Emotional intelligence and…..Yoga?

Now before I draw connections between Emotional Intelligence and yoga, I have to confess that yoga has never been on my radar. I’m a product of east Texas: you know the type–meatloaf and mashed potatoes.  It’s a world where “out of the ordinary” is to be avoided.  And even though I’ve evolved from my youth, yoga was NOT on my radar.

But then again the life I’ve lived for the past 12 years or so wasn’t on my radar, either!! So back to yoga. We decided to try it because we’ve seen our parents need more and more medications to get through the aging process.  Paul and I decided we wanted to avoid “better life through pharmacology” as long as possible.  Quite simply, we decided we wanted to see if we could postpone some of the vestiges of aging through natural methods.  We also began to consider that 6000 years of good press about yoga and staying flexible couldn’t all be wrong. It still felt like a leap into the unknown for a “meatloaf and mashed potatoes” kind of girl.

What I didn’t expect was to discover a strong connection between yoga and Emotional Intelligence. I’ve been teaching and measuring emotional intelligence in my work for the last dozen years. One of my mantras is  “self-awareness is necessary for self-management.” Shoot I can even give you the percentages of how likely you are to be successful if you are self-aware  (vs. if you aren’t)!

Back to yoga — what I DIDN’T expect was the physical manifestation of self-awareness I experienced.   There it was – first I got the instruction to be self-aware. “Try the movement – listen to your body – be self-aware” followed by “do as much as you can – listen to your body – self manage.”  And as I struggled with the challenge of doing what looks easy when someone else does it, I became more and more aware of my consciousness, my body and how it shows up in leadership.  Just as I had been teaching.

It was amazing to experience the lessons of academic research being played out in a discipline that is thousands of years old.  It was funny to realize how long yoga been trusted and practiced by many.  And, yet, how many of us have viewed yoga with a bit of suspicion by people like me?  I suspect it’s very much like emotional intelligence:  trusted by many and viewed with suspicion by those who think that “touchy, feely stuff” is for wimps not REAL leaders.

Well I am here to tell you that emotional intelligence is not touchy–feely. It is complex relationship management. And it is no more for wimps than is yoga. Here’s to self-awareness!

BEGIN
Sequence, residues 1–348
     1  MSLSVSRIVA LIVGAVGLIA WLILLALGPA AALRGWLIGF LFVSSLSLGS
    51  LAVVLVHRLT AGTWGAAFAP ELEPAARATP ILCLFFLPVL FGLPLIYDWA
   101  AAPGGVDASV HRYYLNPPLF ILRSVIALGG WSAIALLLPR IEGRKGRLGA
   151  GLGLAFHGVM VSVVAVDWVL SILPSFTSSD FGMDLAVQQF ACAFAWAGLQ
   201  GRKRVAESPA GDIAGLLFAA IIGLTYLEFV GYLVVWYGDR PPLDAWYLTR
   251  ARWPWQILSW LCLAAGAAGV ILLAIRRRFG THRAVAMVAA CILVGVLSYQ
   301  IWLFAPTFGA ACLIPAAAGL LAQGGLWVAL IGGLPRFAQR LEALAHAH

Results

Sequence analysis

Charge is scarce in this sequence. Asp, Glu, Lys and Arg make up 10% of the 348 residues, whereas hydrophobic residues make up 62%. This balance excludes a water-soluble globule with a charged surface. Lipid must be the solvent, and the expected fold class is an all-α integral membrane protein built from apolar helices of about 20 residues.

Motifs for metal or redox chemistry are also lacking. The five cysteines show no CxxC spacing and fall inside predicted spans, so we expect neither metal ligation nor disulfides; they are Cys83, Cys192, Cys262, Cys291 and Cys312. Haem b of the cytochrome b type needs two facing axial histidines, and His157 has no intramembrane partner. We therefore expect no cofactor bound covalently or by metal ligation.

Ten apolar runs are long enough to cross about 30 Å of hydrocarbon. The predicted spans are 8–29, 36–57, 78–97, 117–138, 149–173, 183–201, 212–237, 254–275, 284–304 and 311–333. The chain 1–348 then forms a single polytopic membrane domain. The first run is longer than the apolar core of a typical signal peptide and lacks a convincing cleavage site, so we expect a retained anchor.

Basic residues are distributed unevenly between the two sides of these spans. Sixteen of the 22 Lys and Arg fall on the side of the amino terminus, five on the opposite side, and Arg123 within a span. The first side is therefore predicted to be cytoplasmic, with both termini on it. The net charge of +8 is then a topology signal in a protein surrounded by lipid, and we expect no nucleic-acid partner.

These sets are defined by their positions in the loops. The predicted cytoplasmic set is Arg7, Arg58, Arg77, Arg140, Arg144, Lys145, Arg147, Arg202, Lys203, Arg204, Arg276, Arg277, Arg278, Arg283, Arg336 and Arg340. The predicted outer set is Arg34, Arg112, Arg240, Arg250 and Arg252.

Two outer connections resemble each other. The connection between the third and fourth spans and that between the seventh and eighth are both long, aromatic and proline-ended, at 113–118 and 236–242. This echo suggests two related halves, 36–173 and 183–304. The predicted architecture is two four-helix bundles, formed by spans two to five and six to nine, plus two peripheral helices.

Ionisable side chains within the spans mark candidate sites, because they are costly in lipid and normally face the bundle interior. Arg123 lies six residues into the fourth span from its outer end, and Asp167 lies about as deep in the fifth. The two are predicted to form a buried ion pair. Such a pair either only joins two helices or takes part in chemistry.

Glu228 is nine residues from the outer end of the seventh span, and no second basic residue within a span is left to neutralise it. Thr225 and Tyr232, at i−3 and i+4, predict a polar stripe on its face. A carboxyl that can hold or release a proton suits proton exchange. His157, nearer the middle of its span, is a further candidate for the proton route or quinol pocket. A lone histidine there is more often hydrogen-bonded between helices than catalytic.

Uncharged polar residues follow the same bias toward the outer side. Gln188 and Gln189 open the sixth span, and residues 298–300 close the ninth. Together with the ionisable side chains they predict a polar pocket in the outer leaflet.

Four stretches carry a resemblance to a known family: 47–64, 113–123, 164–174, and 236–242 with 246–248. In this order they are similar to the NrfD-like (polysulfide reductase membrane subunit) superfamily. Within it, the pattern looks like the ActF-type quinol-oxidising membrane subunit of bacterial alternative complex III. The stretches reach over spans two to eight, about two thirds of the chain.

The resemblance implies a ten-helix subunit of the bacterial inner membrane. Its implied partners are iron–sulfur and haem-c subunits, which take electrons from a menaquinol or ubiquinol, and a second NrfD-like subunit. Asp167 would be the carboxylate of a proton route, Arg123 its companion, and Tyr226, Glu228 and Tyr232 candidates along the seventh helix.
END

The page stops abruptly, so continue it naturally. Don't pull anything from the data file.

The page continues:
Listen to your intuition… OR ELSE!

I’ll start by confessing that I’ve talked about intuition for years without really understanding it. In fact until 2 weeks ago I thought I DID understand. Here’s the story of how I learned how much I didn’t know.

I was visiting my elderly mother.  She doesn’t drive so one of the gifts I’m able to give her is to take her to church.  That’s what we were doing. I had my mother and 2 of her friends… 2 walking frames and one cane. I let my ladies out at the door of the church and had gone to park. I pulled into an almost-empty parking lot.  Just as I chose a spot, I got this feeling. It was a dark and foreboding sensation and it was aimed at the parking place. “Well that’s silly.”  People like me ignore feelings like that.  So I pulled in to the spot, parked and made my way into church.

Fast-forward.  It’s now after the service and I’m on my way to collect the car.  I turn a corner and watch an 85-year-old woman slowly; carefully back her very large Buick into my bumper. She backed her care until there was resistance (my car) and then shifted into gear and slowly drove away.  She was oblivious.Image

Good grief!!  I was torn between a groan and a laugh. After all, I had been warned – I just chose to ignore the warning. My intuition had been clear. When I realized it, I had to laugh.

As an intelligent, educated individual I scoff at “feelings”. After all when I followed those feelings in the past, nothing happen!   (Are you getting the “duh” I discovered in that logic??)

So, how are we to ever know if feelings (or intuition or the Universe or God…choose the name that resonates with you) is telling the truth?  Well one way is to ignore it and notice what happens. In my case, it was cost me a new bumper!

To believe in something beyond myself is to have faith – in the unseen, in the stuff I can’t control.  OMG – I hate that!!.  At least,  I find it hard.  On the other hand, it’s a place I plan to play.  As we’ve been moving into a new business with new types of clients, I’ve realized I can’t do it all myself.  I have to lean on something greater than me…a scary realization.